Monthly Archives: March 2012

LFG HMs, or, how a product is designed specifically to make sure you keep using it forever and are physically incapable of stopping

Alright! It’s been something like two weeks (probably more) since my last post.

The main reason is that I started working again. That part’s fine, although writing never got off the ground until I was unemployed. Due to a serious common sense deficiency I also started back at uni at the same time.

I’m studying Writing, Editing and Publishing for a Master of Arts, and because it’s coursework and (I assume) designed to fit around professionals with careers, all the contact time is after 5. So, I thought, I can do both! I really can have it all.

We’ll see how it goes. Long days, and although this is something I really love studying, I also have no willpower, and a bigger problem: Star Wars.

I started playing Star Wars: The Old Republic a while back, near when it was first launched (six weeks ago? seven) and it basically ate my life. WoW was a big problem a while back, but I’ve been happily clean for years now. Until SW:TOR came along and extended its sinuous tentacles straight into my nucleus accumbens.

For those of you with either a serious head injury or a social life, both WoW and SW:TOR are MMOs. These are basically shining machines which give you tiny incremental rewards, forever. Also, you can play them with your friends. You character has statistics and equipment. As these improve, more areas and missions are open to you, which in turn allow you to improve your stats and equipment further. It literally never ends.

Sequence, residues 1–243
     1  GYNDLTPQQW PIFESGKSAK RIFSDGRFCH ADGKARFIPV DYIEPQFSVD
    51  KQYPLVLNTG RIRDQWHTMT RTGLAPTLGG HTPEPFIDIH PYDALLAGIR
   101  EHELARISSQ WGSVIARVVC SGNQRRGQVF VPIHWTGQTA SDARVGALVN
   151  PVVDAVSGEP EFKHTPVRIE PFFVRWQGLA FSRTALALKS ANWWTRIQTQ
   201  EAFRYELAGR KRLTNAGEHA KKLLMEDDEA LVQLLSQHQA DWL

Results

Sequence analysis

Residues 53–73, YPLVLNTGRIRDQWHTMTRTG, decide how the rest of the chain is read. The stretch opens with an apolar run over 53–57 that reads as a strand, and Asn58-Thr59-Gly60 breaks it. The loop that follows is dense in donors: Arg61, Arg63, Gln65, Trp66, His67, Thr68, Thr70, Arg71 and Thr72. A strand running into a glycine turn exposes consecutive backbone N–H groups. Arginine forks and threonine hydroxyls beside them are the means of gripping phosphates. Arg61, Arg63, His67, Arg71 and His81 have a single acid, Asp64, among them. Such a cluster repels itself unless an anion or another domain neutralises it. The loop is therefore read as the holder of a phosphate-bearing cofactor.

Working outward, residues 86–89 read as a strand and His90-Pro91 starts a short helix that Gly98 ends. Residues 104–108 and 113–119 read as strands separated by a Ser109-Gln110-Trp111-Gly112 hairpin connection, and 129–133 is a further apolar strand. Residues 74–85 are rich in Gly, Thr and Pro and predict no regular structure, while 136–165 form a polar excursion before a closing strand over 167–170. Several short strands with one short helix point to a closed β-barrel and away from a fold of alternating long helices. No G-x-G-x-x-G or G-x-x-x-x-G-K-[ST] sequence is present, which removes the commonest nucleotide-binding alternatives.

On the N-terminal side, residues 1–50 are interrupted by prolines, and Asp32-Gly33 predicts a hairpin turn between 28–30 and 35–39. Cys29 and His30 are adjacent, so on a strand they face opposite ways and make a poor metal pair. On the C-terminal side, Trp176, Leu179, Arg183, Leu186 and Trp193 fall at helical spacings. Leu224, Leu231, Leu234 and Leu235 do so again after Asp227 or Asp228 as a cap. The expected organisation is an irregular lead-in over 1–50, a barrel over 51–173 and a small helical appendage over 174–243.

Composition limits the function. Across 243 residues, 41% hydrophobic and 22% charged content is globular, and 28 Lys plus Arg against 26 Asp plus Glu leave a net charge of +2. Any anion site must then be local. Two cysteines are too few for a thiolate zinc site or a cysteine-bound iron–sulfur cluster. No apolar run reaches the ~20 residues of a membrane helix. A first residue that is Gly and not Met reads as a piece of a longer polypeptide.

Oh yeah! And I’m paying for it. That part’s easy enough to forget, though, so we’ll leave that there.

So, this is all pretty well known – an infinite quantity of tiny activities, each of which gives you a new hat or +3 Cunning, and the associated little burst of pleasure.

The problem with this (for me anyway) is that playing SW:TOR becomes my baseline activity. Because there’s that constant flow of reward, it’s easy to justify the massive quantity of time spent. From the outside, it’s like, yeah I just spent four hours doing missions to get a new set of armoured pants. On the inside though, there’s that unceasing parade of little rewards – money, new materials to use in crafting, quest rewards, etc etc – which is basically just like the Skinner box rats. With electrodes inserted into their prefrontal cortex (a part of the brain associated with pleasure and reward) and given food, water, and a switch attached to those electrodes, what do rats do? They press the button without stopping, ignoring everything else, eventually dying of starvation and exhaustion.

Luckily we humans have an ability to reason which is a little more advanced that that of our friend the rat. When we become hungry after eleven hours of grinding PvP warzones, we get up and eat a bag of pretzels.

Oh, right. A baseline activity. Because nothing provides such consistent reward for so little effort, playing an MMO becomes your brain’s best option. Especially at the end of a long day at work/university, when your willpower is low already. I’m glad to say that many (most?) players don’t become attuned this way. I hope. But I’m definitely one of them.

And that’s why I haven’t written anything for two weeks.

I don’t even like Star Wars that much.

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Filed under psychology, Video Games